Your relationship with your customers ought to be mutually beneficial; that’s why the optimum time to ask for a referral is normally after you’ve exceeded their expectations. Perhaps you’ve simply catered a corporate party as well as your client is normally thrilled with the response, or you’ve just redecorated a client’s living area and they’re filled with gratitude over the transformation. While you’re fresh within their minds, that’s the opportune time to thank them for using your services and ask for them to promote your business.  Certain methods to do this include:

  • Leave some of your business cards with your client to hand out to friends who say great things about the event.
  • Ask your customer to post an image of your event on Facebook or other social media and tag your business.
  • Ask your customer to write a testimonial online.
  • Inquire about friends or neighbors who may be interested in your product or service.

It’s hard to openly ask customers for referrals particularly when you’re a small business, because it may feel like you’re boasting about yourself. If customers really like your service or product, they shouldn’t mind at all, so don’t avoid this valuable opportunity.

Invest in a referral incentive.

Depending on your business nature, you might decide to provide a referral incentive. This is most effective when both the new customer and the person referring you get the incentive. For example, gyms frequently give current members a free month or various other incentive for attracting new members, as the new member could get their first month free of charge or a reduced initiation fee. Referral incentives you can consider are:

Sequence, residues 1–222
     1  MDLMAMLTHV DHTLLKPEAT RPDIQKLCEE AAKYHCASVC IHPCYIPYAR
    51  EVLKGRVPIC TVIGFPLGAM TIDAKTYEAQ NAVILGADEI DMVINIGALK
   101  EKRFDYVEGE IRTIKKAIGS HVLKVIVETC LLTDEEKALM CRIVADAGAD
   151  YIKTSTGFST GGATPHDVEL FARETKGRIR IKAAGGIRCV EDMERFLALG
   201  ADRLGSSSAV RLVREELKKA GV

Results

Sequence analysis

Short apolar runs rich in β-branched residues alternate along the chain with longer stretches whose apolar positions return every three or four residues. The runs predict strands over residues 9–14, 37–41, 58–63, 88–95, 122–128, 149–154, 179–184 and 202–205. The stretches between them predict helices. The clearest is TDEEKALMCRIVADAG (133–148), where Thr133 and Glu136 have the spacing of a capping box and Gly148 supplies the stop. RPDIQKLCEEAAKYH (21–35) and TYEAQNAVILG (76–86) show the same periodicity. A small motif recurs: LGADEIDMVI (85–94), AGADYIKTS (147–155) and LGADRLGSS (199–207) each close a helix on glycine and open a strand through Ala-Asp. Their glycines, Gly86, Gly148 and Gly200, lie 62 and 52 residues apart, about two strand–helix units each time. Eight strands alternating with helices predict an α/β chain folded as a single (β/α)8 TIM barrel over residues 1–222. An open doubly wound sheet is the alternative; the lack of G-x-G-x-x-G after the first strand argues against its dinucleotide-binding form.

• A percentage off discount
  • A free gift to customers that bring in more referrals
  • Special access like free delivery or shipping, a special invitation to an event or an initial look at a new service or product.

Of course, despite having a juicy reward, you still need to provide worth and make certain you’re regarded as refer-able. Otherwise, no incentive will be enticing enough for someone to recommend you, because a poor referral could reflect badly on them. In order for clients to recommend you, they have to genuinely believe in the fantastic value and services you provide, or the referral will probably fall flat.

Referrals needs to be celebrated.

Even though you might not give a referral incentive, make certain to thank individuals who recommend you and make it known. Include this message on your outgoing voicemail: “Please leave a message at the tone, and if you’re referred to us, please tell us whom to thank.” This can be the first conversation a fresh prospect has with your business, and it transmits the message from the beginning that you welcome and appreciate referrals. Some business owners include the phrase “We welcome referrals” in their email signature.

By creating a culture of providing worth and celebrating referrals, you position your business as worthy of repeat clients and a reliable stream of referrals that will help sustain you over the future.